by Jerry Meislik
This is a Ficus microcarpa that I imported from Taiwan in 1989.
Since then it has been in the same pot but repotted every 2-3 years. Interestingly the tree has surprisingly few fine roots for such a large tree with masses of foliage. This seems typical for this species of Ficus under my growing conditions.
I never felt the rectangular pot was particularly a good match for this tree but getting another pot of the appropriate size proved a difficult task.
The tree has been in this same pot since 1989
I finally found a light brown oval pot in 2011 that looked about the right size and I had it shipped to me. The first one came shattered into bits but the second one survived without any problems.
Normally, I have 3 people at hand when I repot my larger bonsai but my usual bonsai helpers were not available so I took on the task of repotting the tree by myself.
First, I removed as much soil as I could leaving the tree where it stood in its pot.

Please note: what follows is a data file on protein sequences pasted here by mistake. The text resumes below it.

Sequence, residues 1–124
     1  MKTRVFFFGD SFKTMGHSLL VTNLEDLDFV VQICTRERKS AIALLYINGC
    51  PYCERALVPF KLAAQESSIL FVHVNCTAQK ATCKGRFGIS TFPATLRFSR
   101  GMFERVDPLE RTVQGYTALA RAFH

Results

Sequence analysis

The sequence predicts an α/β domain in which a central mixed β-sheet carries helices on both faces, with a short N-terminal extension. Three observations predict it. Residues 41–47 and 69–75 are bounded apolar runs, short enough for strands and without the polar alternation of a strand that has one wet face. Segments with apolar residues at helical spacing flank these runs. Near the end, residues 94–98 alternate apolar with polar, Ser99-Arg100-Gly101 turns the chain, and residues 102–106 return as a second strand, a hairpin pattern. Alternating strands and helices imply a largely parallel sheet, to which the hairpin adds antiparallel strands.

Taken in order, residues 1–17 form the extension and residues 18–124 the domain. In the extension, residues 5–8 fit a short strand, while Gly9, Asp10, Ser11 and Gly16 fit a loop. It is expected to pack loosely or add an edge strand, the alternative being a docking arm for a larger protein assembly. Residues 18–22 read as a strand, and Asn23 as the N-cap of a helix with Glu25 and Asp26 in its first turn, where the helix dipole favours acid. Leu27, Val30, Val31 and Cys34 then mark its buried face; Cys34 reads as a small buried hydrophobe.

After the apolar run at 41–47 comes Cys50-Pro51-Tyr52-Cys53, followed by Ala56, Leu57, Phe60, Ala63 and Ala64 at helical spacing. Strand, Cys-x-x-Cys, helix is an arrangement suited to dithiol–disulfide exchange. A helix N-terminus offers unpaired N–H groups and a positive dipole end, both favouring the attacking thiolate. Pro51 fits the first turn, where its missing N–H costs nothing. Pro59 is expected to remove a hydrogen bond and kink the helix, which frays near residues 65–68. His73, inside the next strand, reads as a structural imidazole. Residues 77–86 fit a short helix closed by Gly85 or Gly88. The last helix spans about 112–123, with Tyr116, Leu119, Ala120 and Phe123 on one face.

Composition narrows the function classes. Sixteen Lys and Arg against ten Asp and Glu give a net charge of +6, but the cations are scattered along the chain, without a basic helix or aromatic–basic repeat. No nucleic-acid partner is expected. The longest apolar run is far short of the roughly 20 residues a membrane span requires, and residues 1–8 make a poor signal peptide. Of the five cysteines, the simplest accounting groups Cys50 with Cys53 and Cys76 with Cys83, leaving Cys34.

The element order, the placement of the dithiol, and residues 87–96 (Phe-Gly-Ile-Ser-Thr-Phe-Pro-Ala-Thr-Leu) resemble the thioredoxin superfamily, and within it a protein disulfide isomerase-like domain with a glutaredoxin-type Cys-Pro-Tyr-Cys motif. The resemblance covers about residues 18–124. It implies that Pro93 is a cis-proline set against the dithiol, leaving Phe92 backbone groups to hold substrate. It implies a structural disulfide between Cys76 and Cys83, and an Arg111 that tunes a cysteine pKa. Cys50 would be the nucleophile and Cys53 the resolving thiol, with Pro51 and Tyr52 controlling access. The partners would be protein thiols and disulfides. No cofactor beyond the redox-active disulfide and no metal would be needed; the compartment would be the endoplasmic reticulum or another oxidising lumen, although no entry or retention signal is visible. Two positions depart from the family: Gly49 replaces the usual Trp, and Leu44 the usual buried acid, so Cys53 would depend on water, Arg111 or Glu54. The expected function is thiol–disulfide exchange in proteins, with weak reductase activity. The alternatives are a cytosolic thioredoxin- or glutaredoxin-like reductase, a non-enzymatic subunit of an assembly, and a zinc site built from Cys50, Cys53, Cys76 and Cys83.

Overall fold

Once much of the soil was removed I could tip the tree back with one hand while I removed more soil from underneath the trunk.
Next the tree was lifted out and placed on top of the new pot. Ficus have relatively light wood and the trunk was not too heavy to lift by myself.
The remaining soil in the old pot was removed and then the old pot was lifted away with my wife's help.
Once the tree was sitting on the new pot it was apparent that some of the large root system would need to be removed to get it to fit into the new pot.
Holding the tree on the new pot to determine how much of the root must be removed
The new pot was a bit smaller than the old pot.
Removing some roots
Large existing roots were sawed off. Cut paste was applied to the largest cuts.
New soil was mounded in the center of the pot.
The tree was placed onto the mound and new soil gradually added around the roots.
Soil was settled in and around the roots with a chopstick.
Roots being adjusted down into the soil
The new pot seems to suit the tree very well.